It hasn’t been officially confirmed by the club as yet, but the fact that Luke O’Nien led out the team on his first pre-season appearance this weekend suggests Lee Johnson is seriously looking at the former Wycombe midfielder to be his new skipper.
Following Max Power’s departure the armband is vacant and, to my mind, O’Nien’s the standout candidate.
Yes, people may point towards Aiden McGeady (that’s the 35-year-old Aiden McGeady, who’s never captained a team before, has a reputation of being a bit tricky to handle, and can be a rather selfish player on occasion). Six months ago. you’d have assumed Bailey Wright was a shoo-in should the role become vacant (more likely, given Johnson appointed him captain at Bristol City, but you get the sense that something’s not quite right there, and Wright will be on the move sooner rather than later).
So it looks increasingly likely that O’Nien will be appointed Sunderland’s new captain – and, if so, it could be one of the best decisions Lee Johnson’s made so far in his spell here.
The importance of a good skipper
When it comes to football captains, people tend to fall into one of two camps. Either it’s a purely symbolic role and it doesn’t really matter who the captain is (enter ‘we should have 11 captains out there’ cliche in here) or it’s a hugely important role that needs the right person in it.
I fall firmly in the latter camp. It’s naive to think of the captaincy purely in an on-the-field sense. As far as I’m concerned, a good captain is crucial to the team’s performance – and the club’s development – and the vast, vast majority of their impact is off the field.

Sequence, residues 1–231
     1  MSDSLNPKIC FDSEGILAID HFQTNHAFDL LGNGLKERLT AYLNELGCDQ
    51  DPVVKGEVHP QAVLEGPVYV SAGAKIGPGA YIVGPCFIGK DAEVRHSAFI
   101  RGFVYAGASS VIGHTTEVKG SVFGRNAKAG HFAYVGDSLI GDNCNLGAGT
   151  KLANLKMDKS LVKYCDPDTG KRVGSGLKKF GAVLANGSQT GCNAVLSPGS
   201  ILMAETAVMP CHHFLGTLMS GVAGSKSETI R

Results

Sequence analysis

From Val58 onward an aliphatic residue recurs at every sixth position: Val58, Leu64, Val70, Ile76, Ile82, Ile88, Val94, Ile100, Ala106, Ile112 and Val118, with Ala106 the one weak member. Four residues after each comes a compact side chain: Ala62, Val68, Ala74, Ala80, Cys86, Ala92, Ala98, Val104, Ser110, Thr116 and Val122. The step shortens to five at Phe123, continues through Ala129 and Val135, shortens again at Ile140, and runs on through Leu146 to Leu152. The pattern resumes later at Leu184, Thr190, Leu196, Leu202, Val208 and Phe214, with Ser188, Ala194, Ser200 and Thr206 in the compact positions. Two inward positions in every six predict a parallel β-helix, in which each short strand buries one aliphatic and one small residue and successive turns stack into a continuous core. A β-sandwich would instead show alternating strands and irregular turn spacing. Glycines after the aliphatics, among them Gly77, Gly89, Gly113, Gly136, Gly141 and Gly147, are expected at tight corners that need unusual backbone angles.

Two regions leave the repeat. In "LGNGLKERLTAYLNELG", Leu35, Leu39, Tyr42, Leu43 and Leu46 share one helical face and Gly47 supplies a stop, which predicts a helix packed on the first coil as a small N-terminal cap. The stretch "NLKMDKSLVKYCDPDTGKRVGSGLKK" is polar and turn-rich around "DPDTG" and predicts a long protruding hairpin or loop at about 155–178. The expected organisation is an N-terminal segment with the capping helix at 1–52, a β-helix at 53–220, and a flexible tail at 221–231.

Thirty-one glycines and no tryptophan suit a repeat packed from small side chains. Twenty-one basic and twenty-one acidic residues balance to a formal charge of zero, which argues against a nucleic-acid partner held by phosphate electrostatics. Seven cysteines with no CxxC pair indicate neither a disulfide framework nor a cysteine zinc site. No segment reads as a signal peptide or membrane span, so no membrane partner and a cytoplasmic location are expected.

As a Sunderland supporter, I was brought up with Gary Bennett and Kevin Ball as captains. Two men who are leaders. Two men that had the respect of the dressing rooms, and were a crucial link between playing squad and manager.
Two men who got Sunderland, who knew what the club means to supporters. Two men who knew what it takes to make it as a Sunderland player.
It’s no surprise those two men are still actively involved in the football club.
Being a captain is about far, far, more than wearing the armband, tossing a coin and cajoling players when needed.
A good captain manages the playing squad in a way that, by virtue of his position, the manager simply cannot do. A good captain is in charge in the dressing room, maintains a code of conduct, ensures things off the field are right – from the first team to the youth team – and is the link between not only the players and the management but the players and the community too.
Since Bally’s departure we’ve never had a captain who really took on that role as his predecessors – Bobby Kerr and Charlie Hurley among them – did. We’ve had a variety of people with the armband – from Dean Whitehead and Gary Breen to John O’Shea and Lee Cattermole – and while some may have excelled at one aspect or another, to my mind no one’s really ‘owned’ the role.
O’Nien – the ideal candidate for captain
Since his arrival at Sunderland, O’Nien’s been a model professional – he seems to look after himself off the field, and is articulate and intelligent when interviewed. His attitude is spot on – a rare oasis of positivity in a sea of negativity – he interacts with fans well, he has a tremendous work ethic and seems to genuinely care for the club.
He wants to be here. He’s excited and happy to be here.
Stories made the press last year of the work he and Jordan Willis were doing to mentor the youth team players – completely of their own initiative – and it’s this sort of attitude that the club’s been lacking for so, so long.
We need people to invest their hearts and souls into the club – just as Hurley, Kerr, Benno and Bally did. We’ve had too many players who’ve been happy just to see their vast pay land in their bank accounts every month.
Anyone who’s listened to O’Nien’s podcast can’t help but be impressed by his desire for improvement – big improvements, yes, but small, incremental improvements, too. He’s got an insatiable desire to learn and to get better. And what a superb attitude and ethos for the club captain to embody, and embed further into the whole club.